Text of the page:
|Professor Jason YouTube|
Of course, to make life more interesting, sometimes it has an accent and sometimes it doesn't.
This particular exploration is about the particle "se," not the verb saber which uses sé for I know ... or the imperative form of ser meaning "Be!" (One might think they ran out of words somewhere along the line.)
#1 Reflexive, third-person pronoun
It's good to remember that it is the intended meaning and the pronoun that makes a verb reflexive ... the actual conjugation remains the same. Reflexive verbs reflect back to the subject agent.
In this example, levantar which normally means raise or lift, when reflexive it means to stand up. Me levanto - I stand up. Se levanta - he or she stands up; se levantan - they stand up.
If the infinitive or gerund is used, the se is attached ... John quiere levantarse - John wants to stand up. Or John está levantándose, but here this could also be John está se levantando.
There is also a "reciprocal reflexive" ... Juan y Ana se besan. This example helped me understand this ... Mis hermanas se escribían ... my sisters used to write to each other. Without the "se," it would be ... my sisters used to write. Not necessarily to each other.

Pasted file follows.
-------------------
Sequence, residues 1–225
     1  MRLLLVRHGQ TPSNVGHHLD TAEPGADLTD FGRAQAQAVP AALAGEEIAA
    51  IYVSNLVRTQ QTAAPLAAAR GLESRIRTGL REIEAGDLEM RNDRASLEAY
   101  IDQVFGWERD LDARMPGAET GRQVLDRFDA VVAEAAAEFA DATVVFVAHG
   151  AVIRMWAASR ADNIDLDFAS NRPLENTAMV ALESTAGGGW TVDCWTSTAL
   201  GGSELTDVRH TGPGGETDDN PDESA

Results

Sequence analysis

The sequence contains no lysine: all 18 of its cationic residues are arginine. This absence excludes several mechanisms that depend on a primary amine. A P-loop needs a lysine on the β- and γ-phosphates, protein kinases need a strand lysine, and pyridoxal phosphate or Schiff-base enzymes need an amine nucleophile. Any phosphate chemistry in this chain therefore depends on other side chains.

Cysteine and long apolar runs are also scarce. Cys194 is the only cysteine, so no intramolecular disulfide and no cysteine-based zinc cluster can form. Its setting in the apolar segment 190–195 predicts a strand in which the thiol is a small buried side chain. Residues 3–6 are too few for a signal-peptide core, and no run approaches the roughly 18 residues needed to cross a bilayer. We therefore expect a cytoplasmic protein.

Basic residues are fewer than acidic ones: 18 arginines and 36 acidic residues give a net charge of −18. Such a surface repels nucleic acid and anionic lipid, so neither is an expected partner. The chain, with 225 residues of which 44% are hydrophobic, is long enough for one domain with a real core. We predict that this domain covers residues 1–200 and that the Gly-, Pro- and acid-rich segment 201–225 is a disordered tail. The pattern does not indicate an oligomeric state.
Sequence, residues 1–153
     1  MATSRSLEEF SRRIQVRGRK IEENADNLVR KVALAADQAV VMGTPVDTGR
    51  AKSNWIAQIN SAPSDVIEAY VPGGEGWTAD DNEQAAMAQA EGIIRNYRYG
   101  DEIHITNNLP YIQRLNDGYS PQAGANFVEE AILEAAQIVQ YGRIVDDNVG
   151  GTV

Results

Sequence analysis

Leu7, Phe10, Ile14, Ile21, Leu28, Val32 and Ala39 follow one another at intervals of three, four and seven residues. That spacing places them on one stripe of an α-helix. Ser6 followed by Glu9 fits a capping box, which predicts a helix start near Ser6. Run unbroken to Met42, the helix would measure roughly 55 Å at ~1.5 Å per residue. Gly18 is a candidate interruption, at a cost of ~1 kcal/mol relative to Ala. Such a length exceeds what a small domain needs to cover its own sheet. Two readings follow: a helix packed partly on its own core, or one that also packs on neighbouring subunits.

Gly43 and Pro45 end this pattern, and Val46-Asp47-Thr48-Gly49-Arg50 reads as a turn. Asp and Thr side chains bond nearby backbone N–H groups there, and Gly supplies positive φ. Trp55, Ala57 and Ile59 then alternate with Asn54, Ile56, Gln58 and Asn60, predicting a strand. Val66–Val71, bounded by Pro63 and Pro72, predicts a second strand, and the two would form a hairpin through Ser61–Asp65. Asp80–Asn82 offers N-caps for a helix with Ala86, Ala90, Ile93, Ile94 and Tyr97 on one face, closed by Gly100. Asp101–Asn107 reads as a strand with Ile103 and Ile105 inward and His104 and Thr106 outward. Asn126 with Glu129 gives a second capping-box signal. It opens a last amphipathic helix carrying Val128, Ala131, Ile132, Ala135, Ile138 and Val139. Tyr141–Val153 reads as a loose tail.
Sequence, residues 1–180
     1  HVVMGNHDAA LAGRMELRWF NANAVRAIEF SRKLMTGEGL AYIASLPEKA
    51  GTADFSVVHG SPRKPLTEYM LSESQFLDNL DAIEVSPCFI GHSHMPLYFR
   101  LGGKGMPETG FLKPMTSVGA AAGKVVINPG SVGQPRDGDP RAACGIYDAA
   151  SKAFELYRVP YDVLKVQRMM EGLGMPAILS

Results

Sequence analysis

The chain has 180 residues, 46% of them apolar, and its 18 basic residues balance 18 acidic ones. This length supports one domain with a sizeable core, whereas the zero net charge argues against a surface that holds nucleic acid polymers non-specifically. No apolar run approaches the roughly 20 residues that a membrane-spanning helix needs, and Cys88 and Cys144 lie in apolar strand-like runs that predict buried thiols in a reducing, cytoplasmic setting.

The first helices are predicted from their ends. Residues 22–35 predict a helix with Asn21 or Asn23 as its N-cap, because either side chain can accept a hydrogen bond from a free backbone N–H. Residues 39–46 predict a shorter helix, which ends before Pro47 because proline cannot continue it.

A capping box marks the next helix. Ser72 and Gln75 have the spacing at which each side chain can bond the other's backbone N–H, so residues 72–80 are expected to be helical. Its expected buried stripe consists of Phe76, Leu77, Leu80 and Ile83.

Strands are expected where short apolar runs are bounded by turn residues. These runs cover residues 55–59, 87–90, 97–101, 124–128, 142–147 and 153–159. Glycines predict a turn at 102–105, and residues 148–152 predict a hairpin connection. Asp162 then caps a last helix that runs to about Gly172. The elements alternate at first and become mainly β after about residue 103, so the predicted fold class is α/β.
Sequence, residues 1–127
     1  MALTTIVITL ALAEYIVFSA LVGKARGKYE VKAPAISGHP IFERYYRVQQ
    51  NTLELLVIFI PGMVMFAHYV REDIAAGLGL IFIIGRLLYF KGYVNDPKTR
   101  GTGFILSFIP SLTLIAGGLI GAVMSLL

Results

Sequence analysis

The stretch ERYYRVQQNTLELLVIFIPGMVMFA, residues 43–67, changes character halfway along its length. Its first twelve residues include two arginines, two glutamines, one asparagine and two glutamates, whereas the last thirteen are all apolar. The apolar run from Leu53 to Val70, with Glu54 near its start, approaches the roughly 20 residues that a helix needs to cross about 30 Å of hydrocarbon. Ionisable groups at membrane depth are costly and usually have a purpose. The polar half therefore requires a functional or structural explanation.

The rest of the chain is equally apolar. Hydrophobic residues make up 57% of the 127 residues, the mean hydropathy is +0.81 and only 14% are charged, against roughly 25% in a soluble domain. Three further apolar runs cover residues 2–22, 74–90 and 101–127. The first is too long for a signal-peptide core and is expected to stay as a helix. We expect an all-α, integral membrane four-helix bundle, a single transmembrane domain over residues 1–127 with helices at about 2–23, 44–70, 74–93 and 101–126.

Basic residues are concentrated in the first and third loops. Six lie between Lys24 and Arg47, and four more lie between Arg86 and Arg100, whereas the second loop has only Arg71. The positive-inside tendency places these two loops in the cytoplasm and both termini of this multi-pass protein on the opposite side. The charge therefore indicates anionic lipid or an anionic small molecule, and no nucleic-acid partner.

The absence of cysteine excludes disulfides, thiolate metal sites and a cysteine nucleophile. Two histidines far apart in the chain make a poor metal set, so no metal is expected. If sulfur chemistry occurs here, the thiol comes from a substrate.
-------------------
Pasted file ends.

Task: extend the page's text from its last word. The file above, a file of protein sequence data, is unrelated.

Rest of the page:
#2 Double object pronouns
This sounds mind-boggling, but it's not. Sometimes you need to say things like: give it to me. "It" might be an apple or a baseball bat but you're using the pronoun "it" to replace whatever it is. Because you're giving it to me, me is an indirect pronoun. So, you need two types of pronouns.
In order to explain this part of the "se" journey, we're going to get some help from Senor Jordan who reminds us about Direct Object Pronouns:
|Haz clic aquí por el vídeo|
And, sometimes you want two pronouns as when you want say "give it to me." Here's the visual of Senor Jordan's explanation:
"Se?" This is where it goes off the rails a bit. Where did "se" come from? Well, it turns out that when you put the direct object pronoun with the indirect object pronoun, it changes in third person. Here's the chart:
Here's Senor Jordan's wrap-up. If you are still confused, watch his full video ... maybe more than once.
#3 Passive voice
Before you get excited, you see this in action all the time ... se vende, se renta. When I first came to Mexico, I thought that said: for sale. It means that but actually says that it is being sold by an unnamed agent. It doesn't say "I am selling this" which would be Estoy vendiendo esto.
SpanishDict.com, a great grammar consultant, says:
- The passive voice is generally used to talk about a person or object without making mention of whoever or whatever is performing the action on that person or object.
- Passive se constructions are one way of using the passive voice in Spanish. Only transitive verbs (verbs that require a direct object) are used in passive se constructions.